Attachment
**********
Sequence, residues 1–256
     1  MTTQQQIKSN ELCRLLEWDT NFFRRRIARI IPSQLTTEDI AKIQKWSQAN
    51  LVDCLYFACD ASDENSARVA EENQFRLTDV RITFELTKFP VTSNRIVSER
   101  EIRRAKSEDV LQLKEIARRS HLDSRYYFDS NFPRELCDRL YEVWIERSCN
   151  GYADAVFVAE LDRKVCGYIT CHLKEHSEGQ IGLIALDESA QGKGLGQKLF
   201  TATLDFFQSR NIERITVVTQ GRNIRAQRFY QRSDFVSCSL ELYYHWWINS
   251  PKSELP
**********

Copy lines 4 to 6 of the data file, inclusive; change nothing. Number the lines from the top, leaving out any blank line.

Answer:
   101  EIRRAKSEDV LQLKEIARRS HLDSRYYFDS NFPRELCDRL YEVWIERSCN
   151  GYADAVFVAE LDRKVCGYIT CHLKEHSEGQ IGLIALDESA QGKGLGQKLF
   201  TATLDFFQSR NIERITVVTQ GRNIRAQRFY QRSDFVSCSL ELYYHWWINS